Academic Psychiatry

, Volume 36, Issue 5, pp 380–387

Psychiatry in the Harvard Medical School—Cambridge Integrated Clerkship: An Innovative, Year-Long Program

Authors

    • Cambridge Health Alliance
    • Harvard Medical School
  • Christopher Bullock
    • Cambridge Health Alliance
    • Harvard Medical School
  • Elizabeth Gaufberg
    • Cambridge Health Alliance
    • Harvard Medical School
  • Mark Albanese
    • Cambridge Health Alliance
    • Harvard Medical School
  • Pedro Bonilla
    • Cambridge Health Alliance
    • Harvard Medical School
  • Ramona Dvorak
    • Cambridge Health Alliance
    • Harvard Medical School
  • Claudia Epelbaum
    • Cambridge Health Alliance
    • Harvard Medical School
  • Lior Givon
    • Cambridge Health Alliance
    • Harvard Medical School
  • Karsten Kueppenbender
    • Harvard Medical School
    • Massachusetts General Hospital
  • Robert Joseph
    • Cambridge Health Alliance
    • Harvard Medical School
  • J. Wesley Boyd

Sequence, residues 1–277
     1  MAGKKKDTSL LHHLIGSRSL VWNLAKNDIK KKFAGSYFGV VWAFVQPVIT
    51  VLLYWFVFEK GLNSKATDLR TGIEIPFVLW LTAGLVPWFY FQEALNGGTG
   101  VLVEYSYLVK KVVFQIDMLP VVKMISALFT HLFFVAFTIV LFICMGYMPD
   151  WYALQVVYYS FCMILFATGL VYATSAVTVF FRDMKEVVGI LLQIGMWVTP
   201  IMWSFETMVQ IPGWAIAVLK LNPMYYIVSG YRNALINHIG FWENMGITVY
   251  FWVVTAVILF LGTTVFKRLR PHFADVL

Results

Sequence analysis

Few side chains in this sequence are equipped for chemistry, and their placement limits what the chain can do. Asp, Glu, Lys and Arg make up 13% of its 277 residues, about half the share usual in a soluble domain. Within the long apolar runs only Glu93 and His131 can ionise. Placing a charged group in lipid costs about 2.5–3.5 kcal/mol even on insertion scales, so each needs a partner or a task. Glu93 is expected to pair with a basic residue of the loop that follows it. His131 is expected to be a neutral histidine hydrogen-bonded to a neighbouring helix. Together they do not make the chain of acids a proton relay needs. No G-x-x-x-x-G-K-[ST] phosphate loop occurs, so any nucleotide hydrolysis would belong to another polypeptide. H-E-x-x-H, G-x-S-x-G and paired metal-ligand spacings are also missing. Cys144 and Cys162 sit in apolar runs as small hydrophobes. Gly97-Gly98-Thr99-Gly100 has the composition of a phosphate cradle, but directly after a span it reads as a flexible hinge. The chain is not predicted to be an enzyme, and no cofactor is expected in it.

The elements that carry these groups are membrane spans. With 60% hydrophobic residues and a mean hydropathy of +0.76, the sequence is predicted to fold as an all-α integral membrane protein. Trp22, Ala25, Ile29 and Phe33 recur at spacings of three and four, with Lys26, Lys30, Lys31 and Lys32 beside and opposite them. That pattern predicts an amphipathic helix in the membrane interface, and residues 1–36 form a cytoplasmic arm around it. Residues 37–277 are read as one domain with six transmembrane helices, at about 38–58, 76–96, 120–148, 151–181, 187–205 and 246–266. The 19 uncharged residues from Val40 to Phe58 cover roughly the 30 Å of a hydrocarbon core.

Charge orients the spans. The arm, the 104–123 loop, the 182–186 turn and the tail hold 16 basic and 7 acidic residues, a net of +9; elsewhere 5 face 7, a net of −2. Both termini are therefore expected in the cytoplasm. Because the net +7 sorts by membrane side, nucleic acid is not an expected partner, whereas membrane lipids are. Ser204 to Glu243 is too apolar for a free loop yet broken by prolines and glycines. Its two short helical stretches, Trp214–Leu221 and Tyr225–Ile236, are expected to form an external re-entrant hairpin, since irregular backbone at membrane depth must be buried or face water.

• Cambridge Health Alliance
    • Harvard Medical School
  • Derri Shtasel
    • Harvard Medical School
    • Massachusetts General Hospital
Original Article

DOI: 10.1176/appi.ap.10080126

Cite this article as:
Griswold, T., Bullock, C., Gaufberg, E. et al. Acad Psychiatry (2012) 36: 380. doi:10.1176/appi.ap.10080126

Abstract

Objective

The authors present what is to their knowledge the first description of a model for longitudinal third-year medical student psychiatry education.

Method

A longitudinal, integrated psychiatric curriculum was developed, implemented, and sustained within the Harvard Medical School-Cambridge Integrated Clerkship. Curriculum elements include longitudinal mentoring by attending physicians in an outpatient psychiatry clinic, exposure to the major psychotherapies, psychopharmacology training, acute psychiatry “immersion” experiences, and a variety of clinical and didactic teaching sessions.

Results

The longitudinal psychiatry curriculum has been sustained for 8 years to-date, providing effective learning as demonstrated by OSCE scores, NBME shelf exam scores, written work, and observed clinical work. The percentage of students in this clerkship choosing psychiatry as a residency specialty is significantly greater than those in traditional clerkships at Harvard Medical School and greater than the U.S. average.

Conclusion

Longitudinal integrated clerkship experiences are effective and sustainable; they offer particular strengths and opportunities for psychiatry education, and may influence student choice of specialty.

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Copyright information

© Academic Psychiatry 2012